Dietary adherence among persons with type 2 diabetes: A concurrent mixed methods study

Dorothy Wilson, Abigail Kusi-Amponsah Diji, Richard Marfo, Paulina Amoh, Precious A Duodu, Samuel Akyirem, Douglas Gyamfi, Hayford Asare, Jerry Armah, Nancy Innocentia Ebu Enyan, Joana Kyei-Dompim

Research output: Contribution to journalArticlepeer-review

Abstract

Background
Poor adherence to dietary recommendations among persons with type 2 diabetes (T2D) can lead to long-term complications with concomitant increases in healthcare costs and mortality rates. This study aimed to identify factors associated with dietary adherence and explore the barriers and facilitators to dietary adherence among persons with T2D.
Methods
A concurrent mixed methods study was conducted in two hospitals in the Ashanti Region of Ghana. One hundred and forty-two (142) persons with T2D were consecutively sampled for the survey. Dietary adherence and diabetes-related nutritional knowledge (DRNK) were assessed using the Perceived Dietary Adherence Questionnaire (PDAQ) and an adapted form of the General Nutritional Knowledge Questionnaire (GNKQ-R) respectively. A purposive sample of fourteen participants was selected for interviews to explore the factors that influence dietary adherence. Qualitative data were analysed using NVivo version 20 software and presented as themes. Furthermore, binary logistic regression was performed using IBM SPSS version 29.0 to identify the factors associated with dietary adherence.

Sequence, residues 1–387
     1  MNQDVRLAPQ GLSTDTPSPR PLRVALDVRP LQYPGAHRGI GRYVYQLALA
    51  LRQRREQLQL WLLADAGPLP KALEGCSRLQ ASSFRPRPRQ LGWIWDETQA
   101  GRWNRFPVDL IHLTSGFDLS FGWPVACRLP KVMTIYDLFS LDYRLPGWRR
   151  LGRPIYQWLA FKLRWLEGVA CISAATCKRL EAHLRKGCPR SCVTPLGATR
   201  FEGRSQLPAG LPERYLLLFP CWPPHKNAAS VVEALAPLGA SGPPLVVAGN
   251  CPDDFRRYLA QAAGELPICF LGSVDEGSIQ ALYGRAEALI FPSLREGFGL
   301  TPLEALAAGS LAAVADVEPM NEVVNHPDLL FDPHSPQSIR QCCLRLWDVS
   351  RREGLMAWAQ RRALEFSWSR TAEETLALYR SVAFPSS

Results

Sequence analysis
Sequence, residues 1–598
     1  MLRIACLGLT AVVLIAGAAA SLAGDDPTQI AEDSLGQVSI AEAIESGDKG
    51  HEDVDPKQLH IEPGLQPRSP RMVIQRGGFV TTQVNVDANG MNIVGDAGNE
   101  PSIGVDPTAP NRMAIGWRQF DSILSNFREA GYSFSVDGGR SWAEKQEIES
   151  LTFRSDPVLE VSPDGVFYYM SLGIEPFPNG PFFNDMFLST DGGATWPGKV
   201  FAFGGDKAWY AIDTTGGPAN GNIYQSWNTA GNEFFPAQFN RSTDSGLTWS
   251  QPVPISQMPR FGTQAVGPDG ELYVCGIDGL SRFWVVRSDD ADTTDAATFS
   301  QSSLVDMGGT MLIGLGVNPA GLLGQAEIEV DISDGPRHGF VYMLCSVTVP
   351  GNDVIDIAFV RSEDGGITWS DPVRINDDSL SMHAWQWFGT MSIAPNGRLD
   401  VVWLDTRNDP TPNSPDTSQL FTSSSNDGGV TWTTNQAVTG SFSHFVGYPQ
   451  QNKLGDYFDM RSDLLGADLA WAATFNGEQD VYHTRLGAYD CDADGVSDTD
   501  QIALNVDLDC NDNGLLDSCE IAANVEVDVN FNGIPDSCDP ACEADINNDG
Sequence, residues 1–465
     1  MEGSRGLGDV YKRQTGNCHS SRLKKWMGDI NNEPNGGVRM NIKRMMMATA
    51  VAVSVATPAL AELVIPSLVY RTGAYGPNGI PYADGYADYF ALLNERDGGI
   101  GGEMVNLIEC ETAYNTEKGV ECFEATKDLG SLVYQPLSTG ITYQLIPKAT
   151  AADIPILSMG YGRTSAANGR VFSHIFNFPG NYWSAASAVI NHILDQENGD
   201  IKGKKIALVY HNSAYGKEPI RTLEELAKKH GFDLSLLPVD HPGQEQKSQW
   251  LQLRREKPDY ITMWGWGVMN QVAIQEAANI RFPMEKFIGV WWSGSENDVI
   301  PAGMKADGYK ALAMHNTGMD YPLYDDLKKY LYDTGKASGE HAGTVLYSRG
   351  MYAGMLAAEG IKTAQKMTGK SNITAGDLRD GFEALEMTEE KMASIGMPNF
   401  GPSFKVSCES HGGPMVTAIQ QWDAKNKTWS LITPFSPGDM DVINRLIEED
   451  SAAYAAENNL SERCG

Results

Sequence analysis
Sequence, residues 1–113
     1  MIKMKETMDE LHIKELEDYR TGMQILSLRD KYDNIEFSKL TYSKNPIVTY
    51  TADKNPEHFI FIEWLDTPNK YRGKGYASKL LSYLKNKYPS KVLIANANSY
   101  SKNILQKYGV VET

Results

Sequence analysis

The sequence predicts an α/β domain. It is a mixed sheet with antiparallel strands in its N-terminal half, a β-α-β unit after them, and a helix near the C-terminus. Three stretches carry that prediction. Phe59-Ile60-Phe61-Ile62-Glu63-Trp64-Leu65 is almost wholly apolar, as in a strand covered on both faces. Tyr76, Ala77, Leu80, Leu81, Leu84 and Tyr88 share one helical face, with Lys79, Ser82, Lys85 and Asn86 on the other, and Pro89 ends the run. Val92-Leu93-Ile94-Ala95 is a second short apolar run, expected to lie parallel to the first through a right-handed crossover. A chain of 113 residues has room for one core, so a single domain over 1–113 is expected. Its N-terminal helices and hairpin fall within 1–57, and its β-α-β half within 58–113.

Results
Nearly fifty-one percent (50.7%) of the participants in this study had good dietary adherence. In multivariable logistics regression, it was found that increase in DRNK (AOR= 1.099, 95% CI: 1.001-1.206, p=0.041) score and living in an urban area (AOR= 3.041, 95% CI: 1.007-9.179, p=0.047) were significantly associated with good dietary adherence. Inductive thematic analysis revealed four facilitators of dietary adherence (access to information on diet, individual food preferences and eating habits, perceived benefits of dietary adherence, and presence of social support) and four barriers (inability to afford recommended diets, barriers related to foods available in the environment, conflict between dietary recommendations and individual eating habits, and barriers related to the social environment).
Conclusion
The findings support the need for interventions including continuous dietary education tailored to individual preferences and dietary habits, expansion of poverty reduction social interventions and formulation of policies that will improve access to healthy foods in communities.
Original languageEnglish
Article numbere0302914
Number of pages22
JournalPLoS One
Volume19
Issue number5
DOIs
Publication statusPublished - 7 May 2024

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